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      Peter C

      As to the blue light, who remembers the fears about the older style cathode ray tubes, which could produce high frequency radiation, and thereby cause cancer?

      Do you mean the old TV’s

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      PeterS

      LED TVs also emit radiation but not as much as the old CRT TVs. Not sure about OLED TVs; they might emit even less if any.

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      Roy Hogue

      The real reason I use them is because using them stops me from having to change 2 or 3 light bulbs every month.

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      Graeme#4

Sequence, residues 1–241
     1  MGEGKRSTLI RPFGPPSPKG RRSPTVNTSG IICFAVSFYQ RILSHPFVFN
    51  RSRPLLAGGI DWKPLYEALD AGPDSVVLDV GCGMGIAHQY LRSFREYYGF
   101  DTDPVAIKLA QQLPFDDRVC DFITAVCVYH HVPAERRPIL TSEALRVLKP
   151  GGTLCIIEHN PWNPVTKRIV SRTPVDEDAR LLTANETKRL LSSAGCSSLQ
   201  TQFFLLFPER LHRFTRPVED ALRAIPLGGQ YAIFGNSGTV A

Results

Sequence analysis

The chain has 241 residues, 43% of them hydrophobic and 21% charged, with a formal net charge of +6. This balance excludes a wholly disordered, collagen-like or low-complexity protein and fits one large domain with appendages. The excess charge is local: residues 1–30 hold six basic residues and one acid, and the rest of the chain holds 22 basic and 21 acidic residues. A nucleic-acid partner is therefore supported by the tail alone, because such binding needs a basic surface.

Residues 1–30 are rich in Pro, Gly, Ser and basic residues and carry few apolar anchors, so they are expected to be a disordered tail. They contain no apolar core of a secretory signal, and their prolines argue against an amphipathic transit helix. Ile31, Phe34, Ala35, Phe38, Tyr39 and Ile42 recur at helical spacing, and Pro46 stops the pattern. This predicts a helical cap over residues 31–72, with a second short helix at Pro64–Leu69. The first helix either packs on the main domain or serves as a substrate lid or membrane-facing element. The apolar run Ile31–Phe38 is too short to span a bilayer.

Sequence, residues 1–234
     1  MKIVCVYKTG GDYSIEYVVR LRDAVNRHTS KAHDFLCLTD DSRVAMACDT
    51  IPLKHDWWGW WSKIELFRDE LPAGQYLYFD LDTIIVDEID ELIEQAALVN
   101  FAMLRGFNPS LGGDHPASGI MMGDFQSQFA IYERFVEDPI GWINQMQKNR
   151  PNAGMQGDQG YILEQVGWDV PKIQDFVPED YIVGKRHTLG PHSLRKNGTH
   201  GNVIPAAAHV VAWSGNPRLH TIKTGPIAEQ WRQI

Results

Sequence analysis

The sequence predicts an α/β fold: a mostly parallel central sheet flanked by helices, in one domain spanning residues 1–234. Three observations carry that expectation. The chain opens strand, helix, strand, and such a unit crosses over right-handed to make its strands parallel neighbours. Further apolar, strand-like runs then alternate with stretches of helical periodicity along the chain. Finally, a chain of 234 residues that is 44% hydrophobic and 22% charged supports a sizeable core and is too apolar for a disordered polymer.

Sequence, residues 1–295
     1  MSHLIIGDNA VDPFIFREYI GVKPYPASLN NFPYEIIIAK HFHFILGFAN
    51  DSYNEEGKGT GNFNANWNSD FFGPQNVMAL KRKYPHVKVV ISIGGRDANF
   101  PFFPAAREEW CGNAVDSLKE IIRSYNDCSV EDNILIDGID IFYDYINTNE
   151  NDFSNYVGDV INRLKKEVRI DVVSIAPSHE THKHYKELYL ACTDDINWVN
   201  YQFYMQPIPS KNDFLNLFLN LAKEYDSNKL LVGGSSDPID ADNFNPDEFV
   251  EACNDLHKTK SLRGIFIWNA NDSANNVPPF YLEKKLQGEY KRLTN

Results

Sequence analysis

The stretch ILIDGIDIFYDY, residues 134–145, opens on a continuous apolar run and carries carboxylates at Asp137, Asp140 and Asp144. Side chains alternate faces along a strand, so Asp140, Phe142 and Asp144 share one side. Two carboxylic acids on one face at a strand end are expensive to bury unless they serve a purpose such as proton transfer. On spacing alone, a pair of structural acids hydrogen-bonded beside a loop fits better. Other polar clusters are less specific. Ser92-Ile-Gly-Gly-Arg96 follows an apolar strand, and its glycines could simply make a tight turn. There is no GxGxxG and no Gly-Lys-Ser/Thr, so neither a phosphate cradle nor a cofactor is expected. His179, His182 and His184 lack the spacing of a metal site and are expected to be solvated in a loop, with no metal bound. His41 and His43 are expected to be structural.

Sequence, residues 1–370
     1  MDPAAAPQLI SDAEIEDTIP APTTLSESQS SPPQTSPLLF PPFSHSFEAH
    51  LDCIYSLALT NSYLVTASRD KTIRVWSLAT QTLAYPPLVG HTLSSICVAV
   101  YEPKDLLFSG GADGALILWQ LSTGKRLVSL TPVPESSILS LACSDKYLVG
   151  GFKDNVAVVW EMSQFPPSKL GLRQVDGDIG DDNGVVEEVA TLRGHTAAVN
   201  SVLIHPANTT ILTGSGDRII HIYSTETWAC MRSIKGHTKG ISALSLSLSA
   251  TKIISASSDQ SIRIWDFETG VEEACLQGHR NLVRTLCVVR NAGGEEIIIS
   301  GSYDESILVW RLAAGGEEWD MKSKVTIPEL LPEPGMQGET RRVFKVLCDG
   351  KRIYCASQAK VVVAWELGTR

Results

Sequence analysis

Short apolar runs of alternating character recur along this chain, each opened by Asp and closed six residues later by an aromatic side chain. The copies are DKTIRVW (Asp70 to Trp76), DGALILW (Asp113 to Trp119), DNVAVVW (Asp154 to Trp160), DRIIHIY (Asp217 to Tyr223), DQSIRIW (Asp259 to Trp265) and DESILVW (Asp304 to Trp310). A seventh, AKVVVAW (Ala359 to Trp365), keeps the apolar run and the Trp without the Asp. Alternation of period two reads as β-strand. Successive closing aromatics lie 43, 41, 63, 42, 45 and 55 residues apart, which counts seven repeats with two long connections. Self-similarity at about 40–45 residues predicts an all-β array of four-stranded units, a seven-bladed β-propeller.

While there is a saving in switching to LEDs, I doubt that the average lifetime of LED light is 10-15 times that of an incandescent. I ran a house with around 30 incandescents for over 40 years and didn’t change that many light bulbs over those years. I’ve recently moved to a townhouse where I changed all lights to LEDs at considerable cost and already two LEDs have failed in six months. And it’s expensive to replace those LED bulbs. So sorry, I don’t believe the govt figures – it’s not that big a saving.

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      Roy Hogue

      There’s no no doubt that lighting cost goes down. The trouble is that lighting is only a small part of your total energy cost. Big power consumers like refrigerator, A/C, make up the lion’s share of the total bill so the savings is not as much as you think.